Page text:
28. Percent Reporting Past Month Use Among youth (aged 12 to 17), current use of any illicit drug in 2000 also is unchanged from 1999, except for heroin use, which is significantly lower. Source: SAMHSA, National Household Survey on Drug Abuse.

  29. Percent Reporting Past Month Use Young adults have the highest drug use rates. Source: 2000 National Household Survey on Drug Abuse

  30. Percent Reporting Past Month Use Drug use rates among young adults peak at age 18-20. Source: 2000 National Household Survey on Drug Abuse

  31. Percent Using in Past Month Males consistently have higher rates of any illicit drug use. Source: 2000 National Household Survey on Drug Abuse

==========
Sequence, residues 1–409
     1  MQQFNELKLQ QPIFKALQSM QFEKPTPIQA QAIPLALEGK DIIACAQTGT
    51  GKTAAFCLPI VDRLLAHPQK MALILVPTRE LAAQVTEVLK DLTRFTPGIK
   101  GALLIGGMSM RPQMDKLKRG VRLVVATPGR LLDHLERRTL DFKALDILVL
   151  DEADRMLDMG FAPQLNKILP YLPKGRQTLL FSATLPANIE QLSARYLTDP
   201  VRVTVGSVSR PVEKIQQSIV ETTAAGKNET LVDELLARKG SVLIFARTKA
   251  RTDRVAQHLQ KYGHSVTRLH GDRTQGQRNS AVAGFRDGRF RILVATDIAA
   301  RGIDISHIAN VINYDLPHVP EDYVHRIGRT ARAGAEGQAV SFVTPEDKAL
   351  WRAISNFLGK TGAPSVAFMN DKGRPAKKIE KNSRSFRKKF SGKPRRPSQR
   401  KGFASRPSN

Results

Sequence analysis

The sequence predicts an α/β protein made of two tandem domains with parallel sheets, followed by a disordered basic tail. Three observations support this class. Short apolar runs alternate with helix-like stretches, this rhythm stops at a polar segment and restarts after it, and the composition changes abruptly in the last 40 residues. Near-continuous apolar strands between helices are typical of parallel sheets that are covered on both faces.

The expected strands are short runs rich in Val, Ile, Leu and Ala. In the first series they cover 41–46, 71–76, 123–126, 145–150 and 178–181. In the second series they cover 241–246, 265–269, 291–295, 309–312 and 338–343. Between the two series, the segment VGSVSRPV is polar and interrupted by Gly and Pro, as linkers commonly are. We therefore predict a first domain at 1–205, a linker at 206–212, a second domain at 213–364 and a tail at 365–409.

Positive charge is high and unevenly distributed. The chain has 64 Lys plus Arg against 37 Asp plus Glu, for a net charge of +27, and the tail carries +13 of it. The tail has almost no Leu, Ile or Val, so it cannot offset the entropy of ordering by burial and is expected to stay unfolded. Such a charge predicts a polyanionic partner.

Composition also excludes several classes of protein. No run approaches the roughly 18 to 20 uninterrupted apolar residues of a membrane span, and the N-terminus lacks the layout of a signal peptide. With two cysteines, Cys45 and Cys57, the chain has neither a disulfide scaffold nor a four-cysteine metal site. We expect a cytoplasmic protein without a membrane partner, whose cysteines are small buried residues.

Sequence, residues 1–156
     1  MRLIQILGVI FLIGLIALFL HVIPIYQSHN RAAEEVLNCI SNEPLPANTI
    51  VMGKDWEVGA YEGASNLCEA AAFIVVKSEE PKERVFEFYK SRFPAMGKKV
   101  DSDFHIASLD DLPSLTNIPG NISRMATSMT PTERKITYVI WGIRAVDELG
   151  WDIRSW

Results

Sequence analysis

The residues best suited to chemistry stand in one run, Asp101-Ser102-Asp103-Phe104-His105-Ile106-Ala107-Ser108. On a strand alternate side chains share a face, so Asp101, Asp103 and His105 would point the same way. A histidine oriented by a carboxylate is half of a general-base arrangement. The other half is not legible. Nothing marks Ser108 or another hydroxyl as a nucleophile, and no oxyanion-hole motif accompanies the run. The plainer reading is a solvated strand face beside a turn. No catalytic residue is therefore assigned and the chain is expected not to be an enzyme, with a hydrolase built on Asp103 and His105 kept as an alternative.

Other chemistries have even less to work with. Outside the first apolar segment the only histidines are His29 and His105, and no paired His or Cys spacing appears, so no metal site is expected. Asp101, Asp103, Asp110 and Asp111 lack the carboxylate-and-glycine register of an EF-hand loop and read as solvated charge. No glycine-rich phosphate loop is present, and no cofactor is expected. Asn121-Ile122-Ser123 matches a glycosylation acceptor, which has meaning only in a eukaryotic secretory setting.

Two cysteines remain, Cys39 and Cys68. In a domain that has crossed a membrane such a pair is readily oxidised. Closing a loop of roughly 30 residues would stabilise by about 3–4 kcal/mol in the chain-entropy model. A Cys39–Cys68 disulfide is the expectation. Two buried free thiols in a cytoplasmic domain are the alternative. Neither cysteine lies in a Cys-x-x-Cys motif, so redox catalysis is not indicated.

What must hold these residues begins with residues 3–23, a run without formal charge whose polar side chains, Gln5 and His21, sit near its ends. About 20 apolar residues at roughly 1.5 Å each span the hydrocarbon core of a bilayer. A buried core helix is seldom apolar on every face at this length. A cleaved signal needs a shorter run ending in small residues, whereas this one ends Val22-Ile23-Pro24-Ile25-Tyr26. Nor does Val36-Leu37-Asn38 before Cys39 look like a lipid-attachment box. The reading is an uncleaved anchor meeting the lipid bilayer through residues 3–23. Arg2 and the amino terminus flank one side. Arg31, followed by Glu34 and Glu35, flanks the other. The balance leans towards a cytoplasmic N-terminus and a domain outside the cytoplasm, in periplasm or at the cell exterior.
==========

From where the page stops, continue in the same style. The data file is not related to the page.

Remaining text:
32. Persons of multiple race and American Indian/Native Alaskans have the highest rate of current use of any illicit drug. Percent Using in Past Month Source: 2000 National Household Survey on Drug Abuse

  33. Percent Using in Past Month Current use of any illicit drug is lowest in rural areas. Source: 2000 National Household Survey on Drug Abuse

  34. Percent Reporting Use Marijuana accounts for the largest proportion of drug use, both in the general population and among youth. Youth (12 -17) Age 12 or Older Source: 2000 National Household Survey on Drug Abuse

  35. Current Drug Use Varies Widely, by Age, but the Cohort Effect Lasts a Lifetime. Percent Reporting Past Month Use of an Illicit Drug Prime example of an aging cohort of drug users -- this group began use in 1970s. Source: 2000 National Household Survey on Drug Abuse